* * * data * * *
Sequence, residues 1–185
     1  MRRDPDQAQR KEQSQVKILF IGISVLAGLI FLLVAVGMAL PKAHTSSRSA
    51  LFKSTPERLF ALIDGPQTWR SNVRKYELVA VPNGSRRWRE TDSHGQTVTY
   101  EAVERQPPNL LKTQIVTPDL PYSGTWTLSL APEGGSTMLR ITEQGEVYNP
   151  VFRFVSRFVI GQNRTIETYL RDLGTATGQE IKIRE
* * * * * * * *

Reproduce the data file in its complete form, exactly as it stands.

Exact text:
Sequence, residues 1–185
     1  MRRDPDQAQR KEQSQVKILF IGISVLAGLI FLLVAVGMAL PKAHTSSRSA
    51  LFKSTPERLF ALIDGPQTWR SNVRKYELVA VPNGSRRWRE TDSHGQTVTY
   101  EAVERQPPNL LKTQIVTPDL PYSGTWTLSL APEGGSTMLR ITEQGEVYNP
   151  VFRFVSRFVI GQNRTIETYL RDLGTATGQE IKIRE